Kelly Armour of Cumru Township is a dog lover and has been a pit bull advocate for more than 20 years.

She has owned five pit bulls in her 37 years. She has rehabilitated about 10.

She believes pit bulls are an outstanding, loyal and loving breed, much maligned and incorrectly deemed overly vicious.

In fact, she said pit bulls boast such diversity and come in a variety of sizes, colors and temperaments that even the American Kennel Club has had a hard time trying to classify them,

A workshop Armour conducted Thursday at the Animal Rescue League of Berks County in Cumru drew about 20 people. It was billed as a first step in educating the public about why pit bulls are perceived so negatively.

Hazel, a pit bull therapy dog owned by Kim Reifsnyder of Lower Heidelberg Township, sported a green tutu and novelty shamrock antennas on her head, and served as a friendly visual aid. Also, up-for-adoption Celia, Ruby and Mumbles appeared with handlers and were paraded about.

The dogs, apparently unaware of their poor image, greeted and licked those in attendance.

Armour said the pit bull breed, its lineage tweaked over the years with bull dogs and terriers, originally was a herding and guard dog and even considered a nanny for young children.

She said Helen Keller, Theodore Roosevelt and Gen. George S. Patton were all owners and admirers of pit bulls. She noted the popular dogs were often used in advertising, from Buster Brown shoes to the RCA Victor.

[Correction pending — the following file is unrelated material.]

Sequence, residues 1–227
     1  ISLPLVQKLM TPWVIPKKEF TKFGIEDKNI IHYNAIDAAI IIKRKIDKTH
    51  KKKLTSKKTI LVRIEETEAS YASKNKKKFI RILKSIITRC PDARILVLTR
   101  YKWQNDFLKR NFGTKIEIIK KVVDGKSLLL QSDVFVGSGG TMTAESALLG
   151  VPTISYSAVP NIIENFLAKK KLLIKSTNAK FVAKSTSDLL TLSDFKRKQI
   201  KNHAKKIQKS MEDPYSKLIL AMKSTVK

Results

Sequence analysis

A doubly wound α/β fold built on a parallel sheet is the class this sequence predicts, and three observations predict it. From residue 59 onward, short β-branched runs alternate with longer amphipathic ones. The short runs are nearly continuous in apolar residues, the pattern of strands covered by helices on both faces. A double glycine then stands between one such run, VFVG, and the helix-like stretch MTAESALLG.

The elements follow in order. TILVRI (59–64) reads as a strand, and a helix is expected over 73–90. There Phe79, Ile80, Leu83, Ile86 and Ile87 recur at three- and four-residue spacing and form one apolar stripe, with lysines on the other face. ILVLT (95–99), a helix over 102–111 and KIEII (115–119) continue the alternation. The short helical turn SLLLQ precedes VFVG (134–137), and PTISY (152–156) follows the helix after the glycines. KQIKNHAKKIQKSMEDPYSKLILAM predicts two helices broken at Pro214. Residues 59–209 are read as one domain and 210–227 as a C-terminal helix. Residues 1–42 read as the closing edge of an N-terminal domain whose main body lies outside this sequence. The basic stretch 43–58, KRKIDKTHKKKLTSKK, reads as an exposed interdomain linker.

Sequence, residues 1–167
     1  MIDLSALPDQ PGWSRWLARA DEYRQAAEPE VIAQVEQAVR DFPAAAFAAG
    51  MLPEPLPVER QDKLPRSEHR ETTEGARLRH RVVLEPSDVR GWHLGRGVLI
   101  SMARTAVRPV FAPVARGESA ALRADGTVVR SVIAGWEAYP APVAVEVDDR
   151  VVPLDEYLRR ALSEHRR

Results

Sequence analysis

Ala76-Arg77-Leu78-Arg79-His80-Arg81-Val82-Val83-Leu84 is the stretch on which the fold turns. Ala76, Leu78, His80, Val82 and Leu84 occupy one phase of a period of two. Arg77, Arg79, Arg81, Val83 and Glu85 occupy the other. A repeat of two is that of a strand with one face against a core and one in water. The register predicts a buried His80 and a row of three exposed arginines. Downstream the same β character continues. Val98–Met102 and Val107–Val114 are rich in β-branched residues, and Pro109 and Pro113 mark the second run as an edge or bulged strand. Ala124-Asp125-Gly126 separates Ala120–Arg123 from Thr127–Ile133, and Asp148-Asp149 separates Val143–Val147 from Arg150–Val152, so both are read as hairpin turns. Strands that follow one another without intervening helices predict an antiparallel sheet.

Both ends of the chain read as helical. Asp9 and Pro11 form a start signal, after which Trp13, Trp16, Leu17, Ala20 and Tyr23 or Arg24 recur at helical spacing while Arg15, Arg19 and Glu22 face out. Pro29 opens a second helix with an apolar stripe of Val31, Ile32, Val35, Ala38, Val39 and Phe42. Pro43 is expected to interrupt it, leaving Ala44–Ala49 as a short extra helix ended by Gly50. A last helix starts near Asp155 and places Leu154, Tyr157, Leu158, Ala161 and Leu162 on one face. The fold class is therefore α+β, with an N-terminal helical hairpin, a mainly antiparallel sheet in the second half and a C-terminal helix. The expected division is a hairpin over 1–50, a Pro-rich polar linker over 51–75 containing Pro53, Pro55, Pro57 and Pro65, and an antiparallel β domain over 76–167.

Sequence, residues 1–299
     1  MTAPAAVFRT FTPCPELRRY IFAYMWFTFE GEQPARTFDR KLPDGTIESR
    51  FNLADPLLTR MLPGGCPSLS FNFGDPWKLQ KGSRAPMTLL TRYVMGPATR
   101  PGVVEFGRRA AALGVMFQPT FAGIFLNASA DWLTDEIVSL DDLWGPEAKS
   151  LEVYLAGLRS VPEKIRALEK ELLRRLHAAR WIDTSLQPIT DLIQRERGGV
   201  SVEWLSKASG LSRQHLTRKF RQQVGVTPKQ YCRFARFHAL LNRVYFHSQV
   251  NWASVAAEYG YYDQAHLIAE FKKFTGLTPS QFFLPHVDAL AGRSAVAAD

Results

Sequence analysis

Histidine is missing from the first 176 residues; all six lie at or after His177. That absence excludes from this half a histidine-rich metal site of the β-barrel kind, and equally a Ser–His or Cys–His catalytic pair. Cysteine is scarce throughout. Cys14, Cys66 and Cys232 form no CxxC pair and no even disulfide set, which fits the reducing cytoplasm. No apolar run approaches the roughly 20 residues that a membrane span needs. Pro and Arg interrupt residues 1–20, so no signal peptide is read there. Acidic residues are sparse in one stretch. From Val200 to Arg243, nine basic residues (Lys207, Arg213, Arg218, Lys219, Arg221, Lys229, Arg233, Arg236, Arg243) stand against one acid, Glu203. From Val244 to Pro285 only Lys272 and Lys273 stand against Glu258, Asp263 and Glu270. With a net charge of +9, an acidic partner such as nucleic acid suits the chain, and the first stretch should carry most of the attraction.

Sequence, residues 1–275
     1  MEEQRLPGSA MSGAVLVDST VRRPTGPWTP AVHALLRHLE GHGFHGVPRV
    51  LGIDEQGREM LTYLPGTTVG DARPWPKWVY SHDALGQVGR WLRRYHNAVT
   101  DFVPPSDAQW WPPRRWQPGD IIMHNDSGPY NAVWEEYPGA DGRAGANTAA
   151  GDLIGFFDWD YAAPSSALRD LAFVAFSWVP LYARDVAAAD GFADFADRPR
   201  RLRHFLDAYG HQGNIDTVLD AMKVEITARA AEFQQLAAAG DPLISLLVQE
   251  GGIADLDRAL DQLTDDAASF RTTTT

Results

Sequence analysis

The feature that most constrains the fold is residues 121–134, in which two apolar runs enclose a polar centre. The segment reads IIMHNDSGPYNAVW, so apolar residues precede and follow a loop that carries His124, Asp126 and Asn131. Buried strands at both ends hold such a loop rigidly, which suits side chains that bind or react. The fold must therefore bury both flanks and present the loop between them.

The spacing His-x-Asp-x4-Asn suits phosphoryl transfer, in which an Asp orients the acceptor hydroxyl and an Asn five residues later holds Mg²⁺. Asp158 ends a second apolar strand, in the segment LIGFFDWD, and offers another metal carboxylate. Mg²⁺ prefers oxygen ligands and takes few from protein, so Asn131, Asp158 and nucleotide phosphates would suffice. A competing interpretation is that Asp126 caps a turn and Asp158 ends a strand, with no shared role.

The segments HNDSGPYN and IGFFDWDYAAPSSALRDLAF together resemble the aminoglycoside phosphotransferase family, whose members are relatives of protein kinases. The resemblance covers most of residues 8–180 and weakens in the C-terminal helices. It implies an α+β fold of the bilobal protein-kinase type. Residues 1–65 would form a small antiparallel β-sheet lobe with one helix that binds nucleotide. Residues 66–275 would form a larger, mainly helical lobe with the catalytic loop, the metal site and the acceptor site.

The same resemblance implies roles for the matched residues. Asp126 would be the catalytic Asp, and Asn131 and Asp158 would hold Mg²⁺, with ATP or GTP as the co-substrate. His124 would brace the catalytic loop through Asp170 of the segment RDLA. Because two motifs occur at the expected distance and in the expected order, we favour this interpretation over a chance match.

But with its loyal and loving nature that could be easily twisted, the animal was used in the cruel bear-baiting sport hundreds of years ago. Later it was trained to subdue aggressive bulls by biting and gripping their noses, Armour said.

“The blood sport of pit bull fighting didn’t arrive until much later, where dogs fought dogs and the animals were bred with prey-driven terriers and often kept in small cages,” she said.

These dogs became aggressive and unstable animals that often had to be euthanized.

“When pit bulls were used for herding and as family guard dogs, they were never allowed to show aggression toward humans,” Armour said.

Coupled with the extreme animal abuse in recent years came extensive overbreeding and puppy mills, which led to many of the animals winding up in shelters.

In a lot of suburban and urban shelters, 70 to 80 percent of the animals may be pit bulls, Armour said.

“Most shelters handle more bite cases involving German shepherds, Labradors and cocker spaniels than they do with pit bulls,” said Armour, who grew up in Perkiomenville, Montgomery County, and worked for years as a kennel attendant in the Montgomery County Society for the Prevention of Cruelty to Animals.

She said all pit bulls in shelters are screened with behavior assessment and temperament testing before any public adoption is allowed.

“Any animal with teeth can be dangerous,” she said. “Safety is always a concern with any animal, but with pit bulls it’s not the breed that’s bad, it’s the people.”

What you need to know
  • No one breed is right for everyone. It’s all a matter of finding the right dog for you.
  • Many assume if a dog is in a shelter, it’s there because of some fault of its own. That’s a myth. Most owners surrender dogs because of finances, health or moving.
  • People can be frightened by perceptions of a dog’s history. Most problems can be addressed by behavioral modification and training of pets and people.
  • Beware of behavioral problems caused by health issues. Pit bulls, for instance, are generally healthy and resilient, but are prone to food allergies and have other sensitivities.
  • Ninety percent of dog behavioral problems can be reduced by proper exercise.

Original Reading Article by Bruce Posten